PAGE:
Styles are ever evolving,
and knowledge is paramount.
Here is a key to help decipher some data about our beers.
INTERNATIONAL BITTERNESS UNITS
A measurement of isomerized alpha acids from the hop additions in the kettle. For pale beers, it generally indicates strength and bitterness, but can be deceiving. IBU’s are also important in understanding the balance of the beer, and dark, malt pronounced beers may have high IBU’s in order to balance the profile without having a pronounced bitterness in the beer itself.
STANDARD REFERENCE MEASURE
A measurement of the color of the beer. Malt type, kettle additions, and fermentation all affect the final color. The higher the number, the darker the beer. This can be an indication of style and profile, but not accurately without other information.
Gravity units are the measurements of dissolved solids in a solution. The original gravity is a measurement of potential fermentable sugars prior to primary fermentation. It’s taken in reference to that of pure water at a certain temperature, which has a value of 1.000. Brewer’s use it for various data points, but it is used as an indication for potential abv.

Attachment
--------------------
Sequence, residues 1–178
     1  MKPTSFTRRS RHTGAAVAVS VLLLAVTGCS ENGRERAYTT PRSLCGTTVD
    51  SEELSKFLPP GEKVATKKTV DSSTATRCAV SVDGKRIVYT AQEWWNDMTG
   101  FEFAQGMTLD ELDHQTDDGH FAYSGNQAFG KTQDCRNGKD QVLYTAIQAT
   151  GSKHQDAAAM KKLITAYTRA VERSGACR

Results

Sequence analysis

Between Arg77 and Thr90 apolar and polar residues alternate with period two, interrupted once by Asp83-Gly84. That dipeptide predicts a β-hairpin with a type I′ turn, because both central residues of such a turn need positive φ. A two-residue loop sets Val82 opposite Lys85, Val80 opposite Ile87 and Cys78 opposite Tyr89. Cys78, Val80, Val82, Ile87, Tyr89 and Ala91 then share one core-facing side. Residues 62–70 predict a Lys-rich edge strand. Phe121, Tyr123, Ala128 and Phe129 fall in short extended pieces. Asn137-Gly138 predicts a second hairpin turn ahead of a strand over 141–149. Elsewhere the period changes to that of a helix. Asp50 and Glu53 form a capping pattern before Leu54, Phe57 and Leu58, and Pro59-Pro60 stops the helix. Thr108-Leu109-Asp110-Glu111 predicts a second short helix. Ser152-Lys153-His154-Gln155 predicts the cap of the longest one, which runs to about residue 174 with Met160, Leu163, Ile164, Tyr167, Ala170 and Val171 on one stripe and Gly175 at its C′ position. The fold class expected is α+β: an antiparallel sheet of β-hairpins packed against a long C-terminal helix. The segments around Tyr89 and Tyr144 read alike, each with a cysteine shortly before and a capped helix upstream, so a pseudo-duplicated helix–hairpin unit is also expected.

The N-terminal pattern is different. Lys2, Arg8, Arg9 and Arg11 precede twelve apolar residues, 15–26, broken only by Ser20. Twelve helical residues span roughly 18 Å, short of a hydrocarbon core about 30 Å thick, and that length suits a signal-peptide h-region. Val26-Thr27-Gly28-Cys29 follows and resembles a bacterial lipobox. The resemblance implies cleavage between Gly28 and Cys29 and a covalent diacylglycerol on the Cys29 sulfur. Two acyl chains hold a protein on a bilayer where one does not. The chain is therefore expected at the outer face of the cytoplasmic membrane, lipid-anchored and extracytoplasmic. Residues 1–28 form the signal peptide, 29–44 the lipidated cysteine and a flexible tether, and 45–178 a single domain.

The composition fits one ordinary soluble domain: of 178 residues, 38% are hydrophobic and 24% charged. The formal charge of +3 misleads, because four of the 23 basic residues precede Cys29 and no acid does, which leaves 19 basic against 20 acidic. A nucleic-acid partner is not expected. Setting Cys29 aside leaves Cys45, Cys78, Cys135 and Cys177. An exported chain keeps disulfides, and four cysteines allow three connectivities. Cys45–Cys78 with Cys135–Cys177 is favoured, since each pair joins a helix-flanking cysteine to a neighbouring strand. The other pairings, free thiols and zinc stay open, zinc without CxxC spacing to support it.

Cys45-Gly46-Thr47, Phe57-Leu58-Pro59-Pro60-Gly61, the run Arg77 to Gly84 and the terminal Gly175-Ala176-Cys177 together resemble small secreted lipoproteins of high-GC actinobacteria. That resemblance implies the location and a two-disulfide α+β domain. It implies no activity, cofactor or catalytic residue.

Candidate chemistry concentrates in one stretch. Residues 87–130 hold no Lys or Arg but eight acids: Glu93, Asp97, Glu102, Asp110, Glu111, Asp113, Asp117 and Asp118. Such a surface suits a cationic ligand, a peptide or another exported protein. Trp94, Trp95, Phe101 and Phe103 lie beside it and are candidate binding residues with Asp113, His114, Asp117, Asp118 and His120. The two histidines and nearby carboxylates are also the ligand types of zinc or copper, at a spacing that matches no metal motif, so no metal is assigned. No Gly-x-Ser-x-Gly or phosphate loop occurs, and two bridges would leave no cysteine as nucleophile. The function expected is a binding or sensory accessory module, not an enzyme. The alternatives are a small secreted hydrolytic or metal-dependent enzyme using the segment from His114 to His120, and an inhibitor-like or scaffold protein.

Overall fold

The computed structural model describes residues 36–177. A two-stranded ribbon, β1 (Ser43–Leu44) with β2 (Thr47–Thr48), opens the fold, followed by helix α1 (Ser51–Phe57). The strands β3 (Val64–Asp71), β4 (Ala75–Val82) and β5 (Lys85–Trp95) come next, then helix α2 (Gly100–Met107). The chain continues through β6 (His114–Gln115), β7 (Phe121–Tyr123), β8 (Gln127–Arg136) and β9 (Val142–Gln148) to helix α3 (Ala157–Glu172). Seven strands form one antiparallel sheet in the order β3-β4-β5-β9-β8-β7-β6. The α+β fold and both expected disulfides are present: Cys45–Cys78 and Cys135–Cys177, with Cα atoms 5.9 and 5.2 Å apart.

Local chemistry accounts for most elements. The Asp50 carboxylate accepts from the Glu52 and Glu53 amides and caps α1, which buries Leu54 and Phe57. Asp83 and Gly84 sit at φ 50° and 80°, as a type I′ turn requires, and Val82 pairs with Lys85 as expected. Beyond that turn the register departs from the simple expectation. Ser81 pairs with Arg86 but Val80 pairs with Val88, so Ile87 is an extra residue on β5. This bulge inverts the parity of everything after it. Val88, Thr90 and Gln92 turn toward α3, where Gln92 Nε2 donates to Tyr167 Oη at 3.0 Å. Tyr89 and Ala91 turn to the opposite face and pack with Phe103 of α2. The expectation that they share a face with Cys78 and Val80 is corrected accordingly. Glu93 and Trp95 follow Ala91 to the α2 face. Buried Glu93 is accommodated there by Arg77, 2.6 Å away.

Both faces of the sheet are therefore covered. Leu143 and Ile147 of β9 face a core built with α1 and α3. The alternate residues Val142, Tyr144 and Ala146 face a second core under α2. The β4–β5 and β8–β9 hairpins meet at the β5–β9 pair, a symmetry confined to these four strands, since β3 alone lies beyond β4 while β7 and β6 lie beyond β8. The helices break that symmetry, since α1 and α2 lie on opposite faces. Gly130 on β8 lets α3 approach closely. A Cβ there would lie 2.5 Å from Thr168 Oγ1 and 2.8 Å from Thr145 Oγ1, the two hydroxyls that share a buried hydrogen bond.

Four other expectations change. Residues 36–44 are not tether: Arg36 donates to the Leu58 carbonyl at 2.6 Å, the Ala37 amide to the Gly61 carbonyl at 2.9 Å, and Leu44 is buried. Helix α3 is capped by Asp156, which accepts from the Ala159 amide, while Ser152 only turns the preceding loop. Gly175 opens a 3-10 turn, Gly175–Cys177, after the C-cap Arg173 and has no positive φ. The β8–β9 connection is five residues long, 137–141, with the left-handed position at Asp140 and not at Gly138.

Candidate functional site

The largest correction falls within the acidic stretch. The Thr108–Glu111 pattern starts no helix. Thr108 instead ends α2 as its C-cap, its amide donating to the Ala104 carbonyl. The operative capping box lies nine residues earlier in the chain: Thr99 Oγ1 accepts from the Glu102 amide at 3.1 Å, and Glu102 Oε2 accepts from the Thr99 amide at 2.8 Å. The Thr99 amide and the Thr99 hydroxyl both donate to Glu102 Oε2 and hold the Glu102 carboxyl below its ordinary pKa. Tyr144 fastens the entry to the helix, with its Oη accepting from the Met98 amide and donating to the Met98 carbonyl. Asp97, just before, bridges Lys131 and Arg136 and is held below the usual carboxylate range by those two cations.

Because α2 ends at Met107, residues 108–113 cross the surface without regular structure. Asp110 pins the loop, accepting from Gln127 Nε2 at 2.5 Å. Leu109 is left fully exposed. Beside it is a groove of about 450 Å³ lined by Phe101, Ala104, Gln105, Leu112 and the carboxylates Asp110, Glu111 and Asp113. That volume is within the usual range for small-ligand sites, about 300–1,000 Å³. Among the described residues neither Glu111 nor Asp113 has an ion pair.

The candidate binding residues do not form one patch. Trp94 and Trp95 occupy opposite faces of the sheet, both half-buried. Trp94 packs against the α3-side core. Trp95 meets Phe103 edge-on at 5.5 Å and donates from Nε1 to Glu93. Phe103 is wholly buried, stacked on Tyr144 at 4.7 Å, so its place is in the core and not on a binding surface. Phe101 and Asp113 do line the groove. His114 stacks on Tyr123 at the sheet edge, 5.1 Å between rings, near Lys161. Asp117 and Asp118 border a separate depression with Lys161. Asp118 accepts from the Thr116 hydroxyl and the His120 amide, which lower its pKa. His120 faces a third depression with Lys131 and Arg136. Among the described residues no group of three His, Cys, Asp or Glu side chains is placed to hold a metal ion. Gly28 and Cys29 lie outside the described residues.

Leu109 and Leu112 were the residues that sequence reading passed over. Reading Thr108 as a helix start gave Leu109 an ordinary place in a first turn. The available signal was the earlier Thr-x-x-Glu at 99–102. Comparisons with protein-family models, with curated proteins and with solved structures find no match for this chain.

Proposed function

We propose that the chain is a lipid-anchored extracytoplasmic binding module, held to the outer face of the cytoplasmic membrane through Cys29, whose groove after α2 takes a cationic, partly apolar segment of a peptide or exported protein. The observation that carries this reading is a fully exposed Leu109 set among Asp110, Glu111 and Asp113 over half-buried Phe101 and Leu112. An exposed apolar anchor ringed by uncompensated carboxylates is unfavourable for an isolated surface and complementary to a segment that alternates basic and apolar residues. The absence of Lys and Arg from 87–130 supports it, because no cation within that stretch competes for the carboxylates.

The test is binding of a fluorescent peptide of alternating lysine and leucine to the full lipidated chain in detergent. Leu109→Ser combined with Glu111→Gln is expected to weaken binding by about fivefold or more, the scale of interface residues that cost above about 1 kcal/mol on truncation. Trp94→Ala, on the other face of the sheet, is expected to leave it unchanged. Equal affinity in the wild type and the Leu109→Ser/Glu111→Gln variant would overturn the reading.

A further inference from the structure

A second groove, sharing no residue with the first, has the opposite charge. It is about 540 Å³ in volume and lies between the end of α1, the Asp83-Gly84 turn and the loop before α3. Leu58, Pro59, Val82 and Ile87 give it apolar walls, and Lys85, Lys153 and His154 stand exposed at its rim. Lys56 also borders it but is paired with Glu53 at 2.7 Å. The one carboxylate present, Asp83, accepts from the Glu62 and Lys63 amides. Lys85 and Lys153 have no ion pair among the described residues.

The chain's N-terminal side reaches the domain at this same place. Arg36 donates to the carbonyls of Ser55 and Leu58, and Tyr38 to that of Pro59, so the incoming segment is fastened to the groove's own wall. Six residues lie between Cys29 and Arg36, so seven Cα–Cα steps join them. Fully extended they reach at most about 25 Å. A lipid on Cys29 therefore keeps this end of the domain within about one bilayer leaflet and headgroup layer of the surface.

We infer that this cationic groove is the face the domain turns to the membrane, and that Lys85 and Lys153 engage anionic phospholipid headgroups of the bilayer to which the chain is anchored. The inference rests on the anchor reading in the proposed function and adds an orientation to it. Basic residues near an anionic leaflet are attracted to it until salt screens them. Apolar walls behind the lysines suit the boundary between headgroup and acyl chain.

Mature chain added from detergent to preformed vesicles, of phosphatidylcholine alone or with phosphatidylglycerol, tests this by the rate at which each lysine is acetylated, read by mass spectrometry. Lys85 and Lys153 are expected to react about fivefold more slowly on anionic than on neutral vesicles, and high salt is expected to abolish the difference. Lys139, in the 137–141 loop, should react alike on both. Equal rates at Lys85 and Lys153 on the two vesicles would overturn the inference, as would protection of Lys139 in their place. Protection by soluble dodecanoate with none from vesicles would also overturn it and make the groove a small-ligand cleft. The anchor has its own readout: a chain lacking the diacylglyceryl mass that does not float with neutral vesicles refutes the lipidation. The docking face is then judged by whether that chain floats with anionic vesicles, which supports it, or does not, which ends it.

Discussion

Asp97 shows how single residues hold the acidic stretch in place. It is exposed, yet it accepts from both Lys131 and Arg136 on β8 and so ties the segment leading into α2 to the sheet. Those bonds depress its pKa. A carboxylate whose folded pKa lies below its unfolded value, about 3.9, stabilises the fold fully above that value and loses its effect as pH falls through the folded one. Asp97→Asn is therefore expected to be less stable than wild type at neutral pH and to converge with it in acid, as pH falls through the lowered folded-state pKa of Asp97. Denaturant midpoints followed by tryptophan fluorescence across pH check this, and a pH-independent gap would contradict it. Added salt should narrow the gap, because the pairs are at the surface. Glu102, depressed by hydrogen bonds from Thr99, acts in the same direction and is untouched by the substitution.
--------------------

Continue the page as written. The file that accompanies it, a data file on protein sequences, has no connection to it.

The final gravity, in tandem with the original gravity, determine the alcohol content. FG also is an indication of how dry a beer is. The lower the number, the drier the beer. Agricolis and Aevum have low FG, while Caligo leaves more sugars behind for a heavier, sweeter beer.
unit abbreviation for barrel
One U.S. beer barrel is 31 gallons. Kegs come in fractions of a bbl and most kegs you would have encountered are ½ bbl or 15.5 gallons. Dancing Gnome Brewery is a 10 bbl brewhouse and will produce 310 gallons in a single brew.
Yielding 18-20 ½ bbl kegs depending on the beer.